FIG. 3 shows the mixing block 50 having k of the Y switches 64 with inputs 60 and outputs 62. Each Y switch is programmed to select one of two inputs in1, in11, . . . , ink0, ink1 to be transferred to its output.

In accordance with the above, efficient methods of programming the UC are obtained, given a circuit Ck. If the first input of a gate Gj in the lower half of Ck (k/2<j≦k) is connected to an input of Ck, the mixing block 50 is programmed to select the corresponding input in2j−1 (resp. in2j) of Uk by programming Y2j−k−1 (resp. Y2j−k) of mixing block 50 correspondingly. Otherwise, if Gj is connected to an output of a gate Gi in the upper half of Ck (1≦i≦k/2), the mixing block 50 and selection block 48 are programmed to select the corresponding output from the upper Uk/2 block by programming Y2j−k−1 (resp. Y2j−k) correspondingly and programming selection block 48 with σ2j−k−1=i (resp. σ2j−k=i).

FIG. 4 shows a previously known permutation block 70 Pvu that can be programmed to generate outputs that are any permutation of its inputs. In this example where u=v, pairs of inputs in1, in2; . . . ; inu−1, inu are switched by X programmable switching blocks 72 that either routes the inputs straight through to corresponding outputs or causes the inputs to be crisscrossed to opposing outputs. One output of each block 72 is coupled to permutation matrix 74 and the other output is coupled to the other permutation matrix 76. Thus each permutation matrix handles a u/2×u/2 set of the u×u total. Pairs of outputs out1, out2; . . . ; outv−1, outv are switched by X programmable switching blocks 78 that either routes the inputs straight through to corresponding final outputs or causes the inputs to be crisscrossed to opposing outputs. One input of each block 78 is coupled to permutation matrix 74 and the other input is coupled to the other permutation matrix 76. Block 70 can cause a set of inputs 1−u to be permutated into any desired order of outputs 1−v. For more details about permutation blocks, see Abraham Waksman, “A permutation network”, J. ADM, 15(1): 159-163, 1968.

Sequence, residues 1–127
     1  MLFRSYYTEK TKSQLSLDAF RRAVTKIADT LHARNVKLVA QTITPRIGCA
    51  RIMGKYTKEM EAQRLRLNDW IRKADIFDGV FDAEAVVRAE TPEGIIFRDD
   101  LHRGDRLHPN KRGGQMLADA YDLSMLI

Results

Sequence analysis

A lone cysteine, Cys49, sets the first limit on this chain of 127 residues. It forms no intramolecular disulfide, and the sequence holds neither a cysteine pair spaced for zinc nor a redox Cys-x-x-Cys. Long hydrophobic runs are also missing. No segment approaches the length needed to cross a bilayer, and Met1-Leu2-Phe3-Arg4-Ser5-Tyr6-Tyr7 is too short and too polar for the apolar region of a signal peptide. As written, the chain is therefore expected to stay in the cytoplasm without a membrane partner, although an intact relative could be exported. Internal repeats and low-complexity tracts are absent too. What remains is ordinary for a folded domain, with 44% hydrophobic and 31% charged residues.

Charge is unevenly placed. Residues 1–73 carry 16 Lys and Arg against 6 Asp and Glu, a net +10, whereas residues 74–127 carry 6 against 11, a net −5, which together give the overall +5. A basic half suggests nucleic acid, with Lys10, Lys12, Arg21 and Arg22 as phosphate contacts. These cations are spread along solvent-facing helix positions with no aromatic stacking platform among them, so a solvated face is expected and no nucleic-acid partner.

FIG. 5 shows a selection block 80 Sv≧uu that incorporates an expanded permutation block 82 EPv≧uu, Y switching blocks 84, and a permutation block 86 Pvv. This selection block 80 is suited for use as selection block 26 of UC 20. The expanded permutation block 82 permutes the u inputs to a subset of u of the v≧u outputs. The remaining (v−u) outputs are allowed to obtain any input value since these are intended to be later discarded, i.e. these are dummy outputs. An input mapping, expressed as a u×v matrix, specifies that the i-th input should be mapped to the μi-th distinct output. The expanded permutation block 82 computes EP(in1, . . . , inu)=(out1, . . . , outv) where (outs=inv)←→(μr=s), s is in the set of {1, . . . , v}, r is in the set of {1, . . . , u}.

Each output of block 82, except for the 1st output which is coupled directly as an input to block 86, is coupled as one input of one of the respective Y switches 84. The other input to the Y switches is connected to the output of the preceding Y switch (viewed from left to right in FIG. 5). There are (v−1) of the Y switches. The output of each Y switch is coupled as an input to permutation block 86 Pvv.